Census Bureau, 56 percent of the population had employer-sponsored health insurance (ESHI) as of 2017. ESHI accounts for 83 percent of all of those with private insurance of any kind. People whose health insurance is tied to their jobs far outnumber the 38 percent of the population served by government insurance of all kinds.
What is more, most people on ESHI appear to be satisfied with the coverage they get. A survey by America’s Health Insurance Plans (AHIP), an insurance industry group, found that 71 percent of respondents were satisfied with their ESHI plans, compared with just 19 percent who were not satisfied. An independent survey by Gallup came up with similar results, finding 69 percent of people on employer-sponsored plans to be satisfied. A study by the Employee Benefit Research Institute found that 50 percent of workers were extremely or very satisfied with their own ESHI plans, with another 39 percent somewhat satisfied.
How should would-be reformers interpret these numbers? Clearly, one possible reaction is, “If it ain’t broke, don’t fix it.” The Affordable Care Act took that approach. Rather than trying to replace ESHI, it made it mandatory for employers with 50 or more workers.
Despite its popularity, though, serious health economists tell us that ESHI is “broke,” after all. No comprehensive reform can succeed unless it is phased out. This commentary examines three of ESHI’s biggest problems: job lock, which reduces labor mobility for ESHI beneficiaries; the fundamental inequity of the way the benefits of EHSI largely accrue to the highest -paid workers; and the increased fragmentation of health care finance inherent in a system administered by thousands of separate employers. We conclude with a plan for phasing out EHSI in a way that can fix these problems while minimizing the disruption for workers who are satisfied with their current coverage.
Thursday, November 8, 2018
This policy analysis develops a rationale for a carbon tax based on two key insights from the work of Ronald Coase.
The first insight is that problems of pollution should not be viewed simply as situations in which A harms B, so that A should be restrained with a tax, a suit for damages, an injunction, or a regulatory prohibition. Instead, they should be seen as coordination problems in which the plans of two parties conflict. Reaching optimal coordination typically requires action by both parties. Those will usually include both action by polluters to cut emissions (abatement) and action by pollution victims to reduce harm (adaptation). Putting too much of the burden of coordination on either party is inefficient.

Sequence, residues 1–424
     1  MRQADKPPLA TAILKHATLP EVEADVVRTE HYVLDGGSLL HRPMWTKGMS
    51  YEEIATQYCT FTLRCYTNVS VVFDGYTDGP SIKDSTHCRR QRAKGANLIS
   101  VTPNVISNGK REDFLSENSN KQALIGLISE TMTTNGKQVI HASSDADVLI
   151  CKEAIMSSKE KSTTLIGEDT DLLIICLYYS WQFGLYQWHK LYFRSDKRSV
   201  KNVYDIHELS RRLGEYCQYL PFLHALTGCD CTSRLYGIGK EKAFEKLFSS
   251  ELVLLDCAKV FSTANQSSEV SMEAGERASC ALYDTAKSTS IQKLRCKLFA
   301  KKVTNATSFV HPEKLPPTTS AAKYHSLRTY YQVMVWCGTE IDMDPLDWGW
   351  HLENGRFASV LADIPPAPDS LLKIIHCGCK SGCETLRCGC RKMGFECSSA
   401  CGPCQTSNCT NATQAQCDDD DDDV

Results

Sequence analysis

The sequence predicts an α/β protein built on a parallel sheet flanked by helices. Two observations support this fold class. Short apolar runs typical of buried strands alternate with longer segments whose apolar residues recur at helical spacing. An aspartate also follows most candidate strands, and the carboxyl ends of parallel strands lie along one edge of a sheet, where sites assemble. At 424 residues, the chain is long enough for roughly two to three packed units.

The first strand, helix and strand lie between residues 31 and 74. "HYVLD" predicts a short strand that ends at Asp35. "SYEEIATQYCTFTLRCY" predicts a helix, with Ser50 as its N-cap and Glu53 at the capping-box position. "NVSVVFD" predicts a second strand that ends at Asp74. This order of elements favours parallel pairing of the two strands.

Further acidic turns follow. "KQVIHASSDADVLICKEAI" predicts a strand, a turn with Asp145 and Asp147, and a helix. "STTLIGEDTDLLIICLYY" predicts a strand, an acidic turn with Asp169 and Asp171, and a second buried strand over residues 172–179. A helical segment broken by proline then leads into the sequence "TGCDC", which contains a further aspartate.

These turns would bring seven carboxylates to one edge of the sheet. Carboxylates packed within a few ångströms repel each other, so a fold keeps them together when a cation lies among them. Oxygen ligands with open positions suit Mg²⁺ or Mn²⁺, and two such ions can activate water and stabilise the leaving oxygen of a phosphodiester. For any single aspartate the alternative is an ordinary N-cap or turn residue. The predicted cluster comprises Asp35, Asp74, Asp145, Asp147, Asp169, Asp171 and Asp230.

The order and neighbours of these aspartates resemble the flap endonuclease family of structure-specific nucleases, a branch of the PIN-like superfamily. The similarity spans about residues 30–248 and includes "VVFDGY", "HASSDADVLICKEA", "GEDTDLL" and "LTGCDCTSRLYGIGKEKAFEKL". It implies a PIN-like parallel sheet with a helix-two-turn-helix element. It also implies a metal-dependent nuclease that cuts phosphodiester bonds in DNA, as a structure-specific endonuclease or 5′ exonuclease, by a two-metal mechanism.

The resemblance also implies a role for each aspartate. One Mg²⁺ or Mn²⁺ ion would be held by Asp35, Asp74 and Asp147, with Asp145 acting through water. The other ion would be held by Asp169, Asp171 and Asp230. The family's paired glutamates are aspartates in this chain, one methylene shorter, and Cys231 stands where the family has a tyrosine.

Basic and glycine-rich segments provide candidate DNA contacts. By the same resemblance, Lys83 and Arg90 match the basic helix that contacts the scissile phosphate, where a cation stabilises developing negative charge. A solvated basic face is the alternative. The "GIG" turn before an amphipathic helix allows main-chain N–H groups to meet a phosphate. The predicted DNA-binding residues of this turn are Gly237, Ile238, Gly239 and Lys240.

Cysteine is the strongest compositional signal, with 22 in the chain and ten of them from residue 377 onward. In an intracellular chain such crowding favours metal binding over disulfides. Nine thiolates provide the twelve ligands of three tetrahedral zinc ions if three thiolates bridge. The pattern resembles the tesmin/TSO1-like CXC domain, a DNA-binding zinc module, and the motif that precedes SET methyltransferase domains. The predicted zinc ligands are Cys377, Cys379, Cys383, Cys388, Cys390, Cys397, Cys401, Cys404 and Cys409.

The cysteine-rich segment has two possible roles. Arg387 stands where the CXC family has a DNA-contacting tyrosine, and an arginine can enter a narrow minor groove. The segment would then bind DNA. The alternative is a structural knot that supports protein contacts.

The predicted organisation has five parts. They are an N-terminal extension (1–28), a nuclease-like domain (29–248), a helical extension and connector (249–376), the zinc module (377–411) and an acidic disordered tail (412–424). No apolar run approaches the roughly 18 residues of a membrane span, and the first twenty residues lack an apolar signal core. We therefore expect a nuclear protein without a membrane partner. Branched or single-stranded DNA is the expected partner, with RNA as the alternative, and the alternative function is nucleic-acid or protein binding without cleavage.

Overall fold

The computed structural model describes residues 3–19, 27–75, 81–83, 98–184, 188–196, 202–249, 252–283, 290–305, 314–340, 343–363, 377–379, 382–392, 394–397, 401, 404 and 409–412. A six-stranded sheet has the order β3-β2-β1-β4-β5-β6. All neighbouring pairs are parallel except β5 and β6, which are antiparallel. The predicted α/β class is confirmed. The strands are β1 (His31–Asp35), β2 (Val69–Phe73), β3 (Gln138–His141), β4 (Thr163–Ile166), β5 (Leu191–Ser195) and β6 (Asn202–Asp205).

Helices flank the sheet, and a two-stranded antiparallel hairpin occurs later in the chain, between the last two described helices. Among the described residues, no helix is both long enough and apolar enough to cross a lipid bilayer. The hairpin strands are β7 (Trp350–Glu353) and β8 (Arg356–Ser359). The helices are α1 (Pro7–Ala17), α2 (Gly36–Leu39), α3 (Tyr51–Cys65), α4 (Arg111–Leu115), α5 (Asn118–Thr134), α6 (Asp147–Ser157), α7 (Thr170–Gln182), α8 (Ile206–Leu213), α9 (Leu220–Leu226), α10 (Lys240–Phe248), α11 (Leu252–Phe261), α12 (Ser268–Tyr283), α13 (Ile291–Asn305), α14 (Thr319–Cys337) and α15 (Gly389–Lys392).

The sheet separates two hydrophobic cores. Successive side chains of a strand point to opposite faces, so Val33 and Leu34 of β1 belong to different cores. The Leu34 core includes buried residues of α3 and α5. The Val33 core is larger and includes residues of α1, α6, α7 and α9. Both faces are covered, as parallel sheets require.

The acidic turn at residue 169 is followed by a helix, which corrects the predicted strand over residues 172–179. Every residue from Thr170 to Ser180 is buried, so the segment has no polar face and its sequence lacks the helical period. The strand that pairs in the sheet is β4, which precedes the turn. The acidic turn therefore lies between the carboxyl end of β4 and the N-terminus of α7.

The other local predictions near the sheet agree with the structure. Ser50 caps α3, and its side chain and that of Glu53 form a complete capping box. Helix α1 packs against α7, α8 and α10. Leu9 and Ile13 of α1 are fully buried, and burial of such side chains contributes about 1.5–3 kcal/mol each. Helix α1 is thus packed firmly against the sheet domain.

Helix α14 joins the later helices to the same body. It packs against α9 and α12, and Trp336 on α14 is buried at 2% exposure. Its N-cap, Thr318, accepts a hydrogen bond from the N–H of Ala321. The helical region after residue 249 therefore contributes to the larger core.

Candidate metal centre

The second insight is that a complete analysis must take into account the direct costs of abatement and adaptation, but also the transactions costs of achieving coordination. Transactions costs include the costs of identifying victims and sources of pollution, assessing damages, reaching agreements on actions to be taken, and enforcing those agreements once they are in place. In some cases, superficially attractive policy solutions turn out to be unsuitable because of their high transaction costs.
The analysis uses the example of coastal flooding caused by climate change as a case study in coordination. The polluters are fossil fuel burning power plants and the victims are coastal property owners. The former have a number of abatement options, including fuel switching and carbon capture, while the latter have abatement strategies that include building sea walls, improving construction, and retreating to higher ground. Following Coase, a full range of policy options are examined for their impact on the behavior of both polluters and pollution victims. When all aspects of the coordination problem are considered, including transaction costs, carbon taxes emerge as an attractive mechanism for dealing with climate change.
Read the full brief here.
Sunday, November 4, 2018